A programmer may only be marginally more productive in 2010 than they were in 2000, but they’re creating things like iOS, Yelp and Facebook. Whether it shows up in the statistics or not, there’s great gains there.

July 24th, 2012

Outlawed Everything to Do With Stuff

Peter Thiel offers his explanation for stagnation:

So, I think we’ve basically outlawed everything having to do with the world of stuff, and the only thing you’re allowed to do is in the world of bits. And that’s why we’ve had a lot of progress in computers and finance. Those were the two areas where there was enormous innovation in the last 40 years.  It looks like finance is in the process of getting outlawed. So, the only thing left at this point will be computers and if you’re a computer that’s good.

This is from a discussion (loosely used) between Thiel and Eric Schmidt at Fortune Brainstorm Tech earlier this month. Fascinating to read.

July 24th, 2012

Stories of Progress and Stagnation

Adam Gurri on stagnation:

Still, the productive capacity of these technologies was such that we coasted all the way into the 1970?s before the deadweight of government regulation and taxation slowed us down. Since then, our resources have shifted to developing technologies of resistance, which is why Brynjolfsson and McAfee see accelerating innovation. It is accelerating, but it’s accelerating in a very specific area because of how difficult it is to control that particular area.

We do see welfare gains from innovation in the technologies of resistance, but they are not nearly as big as we could get with the technologies of control, were they not so bogged down with regulation. Resources are spent on creating robustness against control that would have otherwise been spent on maximizing pure economic growth, in the absence of efficiency-reducing regulation.

Software and finance.

(Via Tyler Cowen.)

July 24th, 2012

America’s Economic Debate Time Warp

Jeffrey Sachs on our increasingly irrelevant, theatrical debate over the economy:

America’s economic debate is stuck in a time warp. On the one side, Mitt Romney’s conservative advisors defend tax cuts for the rich and spending cuts for the poor as if we hadn’t just lived through 30 years of failed Reaganomics. On the other side, Paul Krugman defends crude Keynesianism as if we’ve learned nothing in recent years about the severe limitations of short-term fiscal stimulus. Both sides merely raise their decibel levels at each announcement of bad news, as with last Friday’s data showing the failure of the US economy to generate sufficient new jobs in June.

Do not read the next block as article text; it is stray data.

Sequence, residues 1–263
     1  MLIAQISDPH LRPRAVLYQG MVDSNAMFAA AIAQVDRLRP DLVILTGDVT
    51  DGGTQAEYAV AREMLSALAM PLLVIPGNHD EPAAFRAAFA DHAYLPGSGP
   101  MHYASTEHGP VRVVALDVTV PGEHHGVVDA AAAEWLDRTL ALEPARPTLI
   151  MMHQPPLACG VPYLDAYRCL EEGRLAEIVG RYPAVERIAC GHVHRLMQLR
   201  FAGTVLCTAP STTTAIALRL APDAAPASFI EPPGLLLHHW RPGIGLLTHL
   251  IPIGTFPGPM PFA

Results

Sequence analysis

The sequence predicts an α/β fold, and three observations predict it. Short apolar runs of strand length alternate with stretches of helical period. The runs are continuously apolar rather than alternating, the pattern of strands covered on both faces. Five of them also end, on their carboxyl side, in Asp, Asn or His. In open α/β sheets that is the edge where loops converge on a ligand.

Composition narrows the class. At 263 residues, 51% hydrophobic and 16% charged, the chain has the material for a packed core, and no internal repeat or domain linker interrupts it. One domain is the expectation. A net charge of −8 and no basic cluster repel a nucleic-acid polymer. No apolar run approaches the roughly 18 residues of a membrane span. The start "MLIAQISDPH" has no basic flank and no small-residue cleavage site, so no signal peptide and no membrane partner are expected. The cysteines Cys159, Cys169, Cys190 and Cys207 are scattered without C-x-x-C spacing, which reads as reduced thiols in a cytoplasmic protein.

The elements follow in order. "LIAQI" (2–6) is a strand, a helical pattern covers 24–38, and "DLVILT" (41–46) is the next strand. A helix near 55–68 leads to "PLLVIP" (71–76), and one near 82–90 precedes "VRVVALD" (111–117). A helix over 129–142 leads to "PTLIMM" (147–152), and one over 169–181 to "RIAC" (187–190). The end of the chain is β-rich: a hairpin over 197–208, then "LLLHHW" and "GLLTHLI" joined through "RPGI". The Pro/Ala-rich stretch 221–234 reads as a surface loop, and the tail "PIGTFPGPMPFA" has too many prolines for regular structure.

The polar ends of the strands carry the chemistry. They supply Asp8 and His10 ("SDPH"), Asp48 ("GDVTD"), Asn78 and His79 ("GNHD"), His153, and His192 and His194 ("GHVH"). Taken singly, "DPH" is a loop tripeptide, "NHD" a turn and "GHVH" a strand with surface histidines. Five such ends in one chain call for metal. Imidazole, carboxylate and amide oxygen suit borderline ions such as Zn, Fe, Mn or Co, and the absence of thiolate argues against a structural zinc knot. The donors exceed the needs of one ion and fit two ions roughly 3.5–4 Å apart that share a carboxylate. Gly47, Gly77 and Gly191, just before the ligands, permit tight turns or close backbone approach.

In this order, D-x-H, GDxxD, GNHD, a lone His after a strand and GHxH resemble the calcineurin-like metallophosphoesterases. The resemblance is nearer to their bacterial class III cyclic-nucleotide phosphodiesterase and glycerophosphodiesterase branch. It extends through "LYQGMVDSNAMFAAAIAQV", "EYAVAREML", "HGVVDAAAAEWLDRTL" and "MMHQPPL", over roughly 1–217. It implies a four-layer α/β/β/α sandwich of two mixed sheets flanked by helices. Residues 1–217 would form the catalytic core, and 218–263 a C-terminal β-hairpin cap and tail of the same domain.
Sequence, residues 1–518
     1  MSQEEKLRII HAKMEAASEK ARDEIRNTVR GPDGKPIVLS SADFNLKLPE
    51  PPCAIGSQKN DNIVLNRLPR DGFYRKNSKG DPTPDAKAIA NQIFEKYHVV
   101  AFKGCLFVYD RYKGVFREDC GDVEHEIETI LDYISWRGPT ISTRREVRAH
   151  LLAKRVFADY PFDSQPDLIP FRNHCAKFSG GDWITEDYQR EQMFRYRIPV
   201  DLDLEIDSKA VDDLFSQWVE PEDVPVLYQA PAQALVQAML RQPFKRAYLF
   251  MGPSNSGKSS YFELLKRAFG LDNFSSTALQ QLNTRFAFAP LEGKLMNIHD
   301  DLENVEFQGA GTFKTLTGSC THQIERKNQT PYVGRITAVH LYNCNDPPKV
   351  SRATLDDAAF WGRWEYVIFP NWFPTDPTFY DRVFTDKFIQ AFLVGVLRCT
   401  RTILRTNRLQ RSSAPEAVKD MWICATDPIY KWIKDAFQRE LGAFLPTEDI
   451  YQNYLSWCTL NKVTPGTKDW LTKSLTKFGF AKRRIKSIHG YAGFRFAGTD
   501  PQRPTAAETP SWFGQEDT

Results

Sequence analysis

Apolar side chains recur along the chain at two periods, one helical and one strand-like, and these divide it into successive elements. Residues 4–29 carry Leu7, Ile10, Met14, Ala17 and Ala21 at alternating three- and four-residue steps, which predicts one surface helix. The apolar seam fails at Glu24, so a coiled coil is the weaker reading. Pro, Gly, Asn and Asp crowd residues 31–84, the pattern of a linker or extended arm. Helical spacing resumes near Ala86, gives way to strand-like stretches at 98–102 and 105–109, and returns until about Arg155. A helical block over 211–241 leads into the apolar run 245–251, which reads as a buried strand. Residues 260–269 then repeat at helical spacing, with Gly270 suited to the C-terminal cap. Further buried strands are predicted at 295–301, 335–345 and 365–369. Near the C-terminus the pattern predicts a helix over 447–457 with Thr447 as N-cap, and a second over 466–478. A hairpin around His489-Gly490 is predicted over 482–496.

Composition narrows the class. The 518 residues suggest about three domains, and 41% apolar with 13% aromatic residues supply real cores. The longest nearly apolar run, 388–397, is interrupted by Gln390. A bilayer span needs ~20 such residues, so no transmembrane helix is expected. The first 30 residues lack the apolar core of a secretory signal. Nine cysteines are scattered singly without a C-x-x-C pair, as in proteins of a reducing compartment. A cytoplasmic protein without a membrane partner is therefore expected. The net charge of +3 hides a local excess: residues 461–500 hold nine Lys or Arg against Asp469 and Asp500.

Excellent article.

(Via Tyler Cowen.)

July 12th, 2012

Quantitative Easing

The Economist has an excellent look at quantitative easing:

THE conventional arms have run out. Central banks in America and Britain have long since pushed interest rates to close to zero. On July 5th the European Central Bank (ECB) joined them, slashing its rate on deposits to 0% and its main policy rate below 1%. A different sort of arsenal is now being deployed. Unconventional monetary policy covers everything from negative interest rates—now on offer in Denmark—to a change in inflation targets, but “quantitative easing” (QE), the creation of money to buy assets, has proved to be the most popular weapon of this crisis.

July 12th, 2012

Europe’s Dilemma is Financial, Not Fiscal

Arnold Kling:

Mauldin’s claim is that we are in what he calls the “endgame,” meaning that the Keynesian option of increasing government borrowing is no longer available to European countries. The only willing lenders are banks, which in turn need to be propped up, and ultimately they can only be propped up by printing money.

My take-away from Mauldin is that, contra the mainstream media narrative, the real dilemma in Europe is not fiscal–deciding whether to maintain government spending or not. The real dilemma is financial–whether to recognize losses and absorb defaults (by both governments and banks) or turn loose the monetary printing presses.

(Via Tyler Cowen.)

May 16th, 2012

What is austerity?

Tyler Cowen asks what the definition of “austerity” is, and sort of answers it: